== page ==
Wednesday, March 26, 2008

Stop Hatin' On Healthy Eggs, Sally Squires

If you are even a casual reader of health journalism these days, then I'm sure you've run across the regular columns from The Washington Post health and nutrition columnist named Sally Squires. Her regular "Lean Plate Club" feature includes lots of news and commentary on the latest developments in the world of diet and living healthy. Unfortunately, Squires comes at it from the conventional low-fat, low-calorie, low-cholesterol, everything-in-moderation yadda yadda yadda approach that has dominated our culture for decades now.

And I've had my run-ins with her too: she dismissed weight loss bloggers like me as mere "amateurs", I chided her and other so-called "experts" for giving weight loss advice when they themselves are overweight, and I even praised her for her column about having a wide-open weight loss effort. You take the good with the bad, I suppose, but Sally Squires is back again with some decidedly BAD dietary advice regarding eggs.

Whether you're livin' la vida low-carb or not, egg consumption is a VERY healthy way to start your day with a power-packed meal or anytime as a snack idea. I love my eggs and probably eat 2-3 dozen by myself every single week. Yep, yolk and all, Ms. Squires! Why? Because they are indeed (say it with me now!) H-E-A-L-T-H-Y!!!

Studies have clearly shown eggs fill you up much better than their high-carb counterparts, they provide ample satiety so you are not apt to snack between meals, and most recently we learned that regular egg consumption acts as an anti-inflammatory food despite all the negative stereotypes against this nutritional powerhouse food. I even dedicated a YouTube video to the subject of eggs because it is too important for people to get bogged down by the ignorance being spouted off by people like Sally Squires.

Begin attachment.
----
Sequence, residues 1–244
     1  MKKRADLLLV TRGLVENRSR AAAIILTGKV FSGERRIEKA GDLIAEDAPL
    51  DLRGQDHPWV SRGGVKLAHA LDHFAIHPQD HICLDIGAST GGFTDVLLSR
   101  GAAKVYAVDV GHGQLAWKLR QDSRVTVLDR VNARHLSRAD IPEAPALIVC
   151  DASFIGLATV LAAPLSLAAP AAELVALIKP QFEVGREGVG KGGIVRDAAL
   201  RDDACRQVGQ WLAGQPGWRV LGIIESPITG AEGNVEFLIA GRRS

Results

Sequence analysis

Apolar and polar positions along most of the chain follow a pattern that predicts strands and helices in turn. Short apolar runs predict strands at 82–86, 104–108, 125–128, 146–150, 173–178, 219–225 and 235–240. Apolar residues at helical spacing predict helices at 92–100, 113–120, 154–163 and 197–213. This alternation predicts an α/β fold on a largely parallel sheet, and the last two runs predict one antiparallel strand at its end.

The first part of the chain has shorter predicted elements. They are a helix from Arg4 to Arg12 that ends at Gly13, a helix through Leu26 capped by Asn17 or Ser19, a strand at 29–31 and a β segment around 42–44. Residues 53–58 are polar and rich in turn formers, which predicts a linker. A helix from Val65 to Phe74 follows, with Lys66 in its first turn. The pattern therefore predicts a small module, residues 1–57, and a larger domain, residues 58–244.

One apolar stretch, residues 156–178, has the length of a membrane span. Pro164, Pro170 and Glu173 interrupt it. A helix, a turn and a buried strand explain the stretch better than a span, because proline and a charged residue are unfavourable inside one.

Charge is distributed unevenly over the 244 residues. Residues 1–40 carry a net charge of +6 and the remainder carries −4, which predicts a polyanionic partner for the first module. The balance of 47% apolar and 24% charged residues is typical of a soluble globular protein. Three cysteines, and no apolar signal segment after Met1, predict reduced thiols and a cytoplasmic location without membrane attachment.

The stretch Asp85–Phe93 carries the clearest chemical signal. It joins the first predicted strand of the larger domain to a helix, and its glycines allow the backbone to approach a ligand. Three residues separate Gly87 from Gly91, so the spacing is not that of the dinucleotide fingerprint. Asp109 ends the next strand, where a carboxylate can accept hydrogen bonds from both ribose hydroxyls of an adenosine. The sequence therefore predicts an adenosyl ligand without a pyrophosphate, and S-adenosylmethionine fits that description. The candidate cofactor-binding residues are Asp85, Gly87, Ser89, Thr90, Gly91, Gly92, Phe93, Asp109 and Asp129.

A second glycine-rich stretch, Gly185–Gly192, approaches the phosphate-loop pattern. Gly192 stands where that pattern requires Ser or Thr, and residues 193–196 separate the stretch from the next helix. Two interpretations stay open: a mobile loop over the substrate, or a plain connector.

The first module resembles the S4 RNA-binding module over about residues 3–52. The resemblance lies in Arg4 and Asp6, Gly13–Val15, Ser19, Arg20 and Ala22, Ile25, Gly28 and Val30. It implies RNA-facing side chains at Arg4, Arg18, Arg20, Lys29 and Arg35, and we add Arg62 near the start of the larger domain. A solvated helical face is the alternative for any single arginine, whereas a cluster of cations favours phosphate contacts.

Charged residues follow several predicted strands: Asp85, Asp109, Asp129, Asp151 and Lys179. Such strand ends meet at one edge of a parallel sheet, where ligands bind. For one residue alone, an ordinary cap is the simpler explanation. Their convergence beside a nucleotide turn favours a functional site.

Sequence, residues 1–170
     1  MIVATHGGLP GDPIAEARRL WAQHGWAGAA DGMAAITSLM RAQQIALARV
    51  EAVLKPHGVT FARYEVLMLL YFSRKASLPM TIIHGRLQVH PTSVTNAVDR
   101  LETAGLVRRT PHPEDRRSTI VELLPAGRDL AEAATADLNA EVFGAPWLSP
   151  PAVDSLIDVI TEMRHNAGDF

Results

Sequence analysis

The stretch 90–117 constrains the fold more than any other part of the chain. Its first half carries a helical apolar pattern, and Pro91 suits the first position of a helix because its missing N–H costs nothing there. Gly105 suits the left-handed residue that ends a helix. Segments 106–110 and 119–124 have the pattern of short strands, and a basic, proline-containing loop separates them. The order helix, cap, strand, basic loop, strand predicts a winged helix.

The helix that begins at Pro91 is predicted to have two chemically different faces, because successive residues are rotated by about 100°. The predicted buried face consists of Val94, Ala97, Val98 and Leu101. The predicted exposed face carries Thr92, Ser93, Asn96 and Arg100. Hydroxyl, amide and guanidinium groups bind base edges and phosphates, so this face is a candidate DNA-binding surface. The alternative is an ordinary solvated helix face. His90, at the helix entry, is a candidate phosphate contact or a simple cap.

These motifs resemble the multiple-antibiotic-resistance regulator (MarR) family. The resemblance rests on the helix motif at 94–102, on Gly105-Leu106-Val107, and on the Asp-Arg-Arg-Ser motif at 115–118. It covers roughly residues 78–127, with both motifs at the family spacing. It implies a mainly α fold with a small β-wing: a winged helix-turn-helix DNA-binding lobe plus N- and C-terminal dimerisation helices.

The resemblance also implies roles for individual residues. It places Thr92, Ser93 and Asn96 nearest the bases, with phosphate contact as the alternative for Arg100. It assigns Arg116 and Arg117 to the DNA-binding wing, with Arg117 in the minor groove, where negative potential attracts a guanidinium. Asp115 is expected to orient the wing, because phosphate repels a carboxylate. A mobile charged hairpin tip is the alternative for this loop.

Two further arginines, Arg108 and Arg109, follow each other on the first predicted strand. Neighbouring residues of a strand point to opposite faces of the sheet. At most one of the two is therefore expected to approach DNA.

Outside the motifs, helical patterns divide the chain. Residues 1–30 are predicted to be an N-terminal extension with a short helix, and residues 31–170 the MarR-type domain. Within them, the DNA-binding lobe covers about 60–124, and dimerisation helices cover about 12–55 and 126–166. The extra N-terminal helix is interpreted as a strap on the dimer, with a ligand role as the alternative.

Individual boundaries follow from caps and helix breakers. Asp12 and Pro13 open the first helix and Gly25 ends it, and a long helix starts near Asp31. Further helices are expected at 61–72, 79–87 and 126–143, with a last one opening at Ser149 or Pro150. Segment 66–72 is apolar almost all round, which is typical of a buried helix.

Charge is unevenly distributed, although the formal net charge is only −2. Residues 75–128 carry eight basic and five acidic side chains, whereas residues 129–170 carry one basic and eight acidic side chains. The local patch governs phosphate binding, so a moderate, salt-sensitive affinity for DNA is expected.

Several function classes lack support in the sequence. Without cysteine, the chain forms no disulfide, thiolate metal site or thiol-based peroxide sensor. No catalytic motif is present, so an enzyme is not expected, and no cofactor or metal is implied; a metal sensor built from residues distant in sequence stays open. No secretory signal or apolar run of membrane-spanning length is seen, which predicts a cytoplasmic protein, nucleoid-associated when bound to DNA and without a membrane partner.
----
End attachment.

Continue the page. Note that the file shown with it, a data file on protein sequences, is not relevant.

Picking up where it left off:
First, let's address the "artery-clogging cholesterol" comment. Ummm, where's your proof that dietary cholesterol has any impact on your lipid profile or in your arterial walls? Noted researcher on low-carbohydrate diets Dr. Stephen Phinney (who I hope to interview for my podcast show when I meet him at a symposium on saturated fat in Phoenix, Arizona next month) once conducted a test on himself eating a total of 17 eggs in one day to see what impact it would have on his cholesterol levels. Guess what? His cholesterol went up by only one point. So, this myth that eating cholesterol will raise your cholesterol is as archaic and WRONG as eating fat will make you fat. Again, I ask, where is the proof?

Then Squires quotes a professor of epidemiology at the Johns Hopkins Bloomberg School of Public Health named Dr. Lawrence Appel who claims the "unhealthy saturated fat" that accompanies egg consumption from all the bacon and sausage they eat with them is what concerns him the most because it will in his opinion significantly raise LDL cholesterol levels. And he made one of the most asinine statements I've ever heard about why you shouldn't eat these delicious low-carb breakfast foods.